A study published in the British Medical Journal (June 23, 2009) showed some components of the Mediterranean diet, such as high vegetable consumption and low meat and meat product consumption, are more significantly associated with low risk of mortality than other components, such as cereal consumption and fish consumption. As part of the European Prospective Investigation into Cancer and Nutrition study, researchers followed more than 23,000 Greek men and women for 8.5 years to see how various aspects of a Mediterranean diet affect mortality. Moderate alcohol consumption, high fruit and nut consumption, and high legume consumption were also associated with lower risk of mortality.[28]

Another recent study (reported on in the news in February 2010) found that the diet may help keep the brain healthy by reducing the frequency of the mini-strokes that can contribute to mental decline.[29]

See also


  1. ^ Alberto Capatti et al., Italian Cuisine: A Cultural History, p. 106.; Silvano Serventi and Francoise Sabban, Pasta, p. 162.
  2. ^ Satin, Morton The Mediterranean Diet, Salt and Health Newsletter, summer, 2009.
  3. ^ Massimo Alberini, Giorgio Mistretta, Guida all'Italia gastronomica, Touring Club Italiano, 1984
  4. ^ Tapper, Richard; Zubaida, Sami (2001). A Taste of Thyme: Culinary Cultures of the Middle East. Tauris Parke Paperbacks. ISBN 1-86064-603-4. 
  5. ^ Burros, Marian (29 March 1995). "Eating Well". New York Times. Archived by Webcite
  6. ^ Willett WC (June 1, 1995). "Mediterranean diet pyramid: a cultural model for healthy eating". American Journal of Clinical Nutrition 61 (6): 1402S–6S. PMID 7754995. 
  7. ^ "Get your Meds: the Mediterranean Diet and Health", Ellen Gooch, Epikouria Magazine, Fall 2005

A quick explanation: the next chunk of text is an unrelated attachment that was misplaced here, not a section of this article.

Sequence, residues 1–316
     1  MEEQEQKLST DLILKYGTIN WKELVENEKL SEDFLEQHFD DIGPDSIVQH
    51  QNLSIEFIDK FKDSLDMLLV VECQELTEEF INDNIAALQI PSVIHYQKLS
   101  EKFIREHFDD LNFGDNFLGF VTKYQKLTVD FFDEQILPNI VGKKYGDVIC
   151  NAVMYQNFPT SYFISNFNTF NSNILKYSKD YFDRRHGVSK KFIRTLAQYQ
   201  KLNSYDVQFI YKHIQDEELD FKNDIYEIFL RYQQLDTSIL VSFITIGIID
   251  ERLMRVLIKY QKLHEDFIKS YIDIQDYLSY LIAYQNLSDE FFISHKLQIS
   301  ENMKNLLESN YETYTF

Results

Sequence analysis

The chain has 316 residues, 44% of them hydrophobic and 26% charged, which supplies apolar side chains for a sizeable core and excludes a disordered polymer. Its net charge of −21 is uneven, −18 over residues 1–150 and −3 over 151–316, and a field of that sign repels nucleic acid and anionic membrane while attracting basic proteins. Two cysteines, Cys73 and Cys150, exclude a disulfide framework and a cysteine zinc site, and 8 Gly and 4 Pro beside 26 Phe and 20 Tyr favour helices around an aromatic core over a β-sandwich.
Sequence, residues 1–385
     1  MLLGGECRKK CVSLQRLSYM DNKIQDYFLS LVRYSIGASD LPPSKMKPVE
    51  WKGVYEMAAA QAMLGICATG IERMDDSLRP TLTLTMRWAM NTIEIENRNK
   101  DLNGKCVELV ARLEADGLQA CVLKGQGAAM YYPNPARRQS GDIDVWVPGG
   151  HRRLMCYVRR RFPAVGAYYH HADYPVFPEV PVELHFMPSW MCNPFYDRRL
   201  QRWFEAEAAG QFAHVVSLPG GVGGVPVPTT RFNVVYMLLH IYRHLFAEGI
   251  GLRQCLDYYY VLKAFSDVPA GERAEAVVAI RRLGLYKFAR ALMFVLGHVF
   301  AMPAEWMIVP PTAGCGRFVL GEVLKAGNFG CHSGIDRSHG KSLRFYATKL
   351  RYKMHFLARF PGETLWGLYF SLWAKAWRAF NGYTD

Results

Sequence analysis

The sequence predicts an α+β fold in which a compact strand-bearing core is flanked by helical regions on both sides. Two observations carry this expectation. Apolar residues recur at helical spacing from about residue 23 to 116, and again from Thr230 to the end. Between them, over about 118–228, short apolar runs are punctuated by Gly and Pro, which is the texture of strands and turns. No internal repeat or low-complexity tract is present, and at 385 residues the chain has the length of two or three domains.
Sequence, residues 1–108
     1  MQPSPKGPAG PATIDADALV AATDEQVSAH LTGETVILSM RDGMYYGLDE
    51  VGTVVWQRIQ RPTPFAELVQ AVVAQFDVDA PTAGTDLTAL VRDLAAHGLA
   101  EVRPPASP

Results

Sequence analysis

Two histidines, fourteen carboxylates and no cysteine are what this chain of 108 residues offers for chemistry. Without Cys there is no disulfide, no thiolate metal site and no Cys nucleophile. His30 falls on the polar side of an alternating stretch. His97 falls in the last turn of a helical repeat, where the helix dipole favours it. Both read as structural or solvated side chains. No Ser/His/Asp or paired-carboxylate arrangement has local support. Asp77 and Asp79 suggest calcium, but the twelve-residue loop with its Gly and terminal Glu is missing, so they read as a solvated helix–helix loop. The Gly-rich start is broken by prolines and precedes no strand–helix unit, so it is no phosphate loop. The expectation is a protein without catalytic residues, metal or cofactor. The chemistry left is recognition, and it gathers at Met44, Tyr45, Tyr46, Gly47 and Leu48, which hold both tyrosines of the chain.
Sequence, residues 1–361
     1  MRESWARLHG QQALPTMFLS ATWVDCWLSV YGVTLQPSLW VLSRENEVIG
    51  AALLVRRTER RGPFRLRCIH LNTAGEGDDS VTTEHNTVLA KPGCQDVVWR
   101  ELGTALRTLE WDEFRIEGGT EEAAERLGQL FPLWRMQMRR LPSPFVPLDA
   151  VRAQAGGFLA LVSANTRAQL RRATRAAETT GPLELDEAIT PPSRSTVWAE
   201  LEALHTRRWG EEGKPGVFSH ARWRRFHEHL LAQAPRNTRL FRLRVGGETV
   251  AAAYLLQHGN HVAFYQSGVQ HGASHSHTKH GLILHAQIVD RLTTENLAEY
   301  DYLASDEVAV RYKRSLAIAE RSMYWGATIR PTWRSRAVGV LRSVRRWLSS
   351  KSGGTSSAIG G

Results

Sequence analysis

8. ^ Keys, A., Menotti, A., Karvonen, M.J., et al. (December 1986). «The diet and 15-year death rate in the seven countries study,» Am. J. Epidemiol. 124 (6): 903–15.
  9. ^ Covas, M.I., (March 2007). “Olive oil and the cardiovascular system”. Pharmacol. Res. 55 (3): 175–86.
  10. ^ Castelvetro. G., The Fruits, Herbs and Vegetables of Italy, London, Viking, 1989, translated from the original published in 1614.
  11. ^ Bruno Simini, "Serge Renaud: from French paradox to Cretan miracle" The Lancet 355:9197:48 (1 January 2000) at Science Direct (subscription)
  12. ^ C. Leclercq and A. Ferro-Luzzi, “Total and domestic consumption of salt and their determinants in three regions of Italy,” European Journal of Clinical Nutrition, Mar, 45(3), 151-9, (1991).
  13. ^ Sanchez-Villegas, A., Delgado-Rodriguez, M., Alonso, A., Schlatter, J., Lahortiga, F., Serra Majem, L., Martinez-Gonzalez, M. A., Association of the Mediterranean Dietary Pattern With the Incidence of Depression: The Seguimiento Universidad de Navarra/University of Navarra Follow-up (SUN) Cohort, Arch Gen Psychiatry. 2009;66(10):1090-1098.